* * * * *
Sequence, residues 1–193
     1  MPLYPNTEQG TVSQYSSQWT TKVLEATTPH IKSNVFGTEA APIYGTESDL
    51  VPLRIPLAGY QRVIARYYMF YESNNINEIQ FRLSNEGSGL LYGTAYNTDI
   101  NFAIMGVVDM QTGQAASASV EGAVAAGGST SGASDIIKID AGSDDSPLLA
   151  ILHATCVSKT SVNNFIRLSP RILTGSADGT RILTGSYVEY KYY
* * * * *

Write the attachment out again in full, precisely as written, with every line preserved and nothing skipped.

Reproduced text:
Sequence, residues 1–193
     1  MPLYPNTEQG TVSQYSSQWT TKVLEATTPH IKSNVFGTEA APIYGTESDL
    51  VPLRIPLAGY QRVIARYYMF YESNNINEIQ FRLSNEGSGL LYGTAYNTDI
   101  NFAIMGVVDM QTGQAASASV EGAVAAGGST SGASDIIKID AGSDDSPLLA
   151  ILHATCVSKT SVNNFIRLSP RILTGSADGT RILTGSYVEY KYY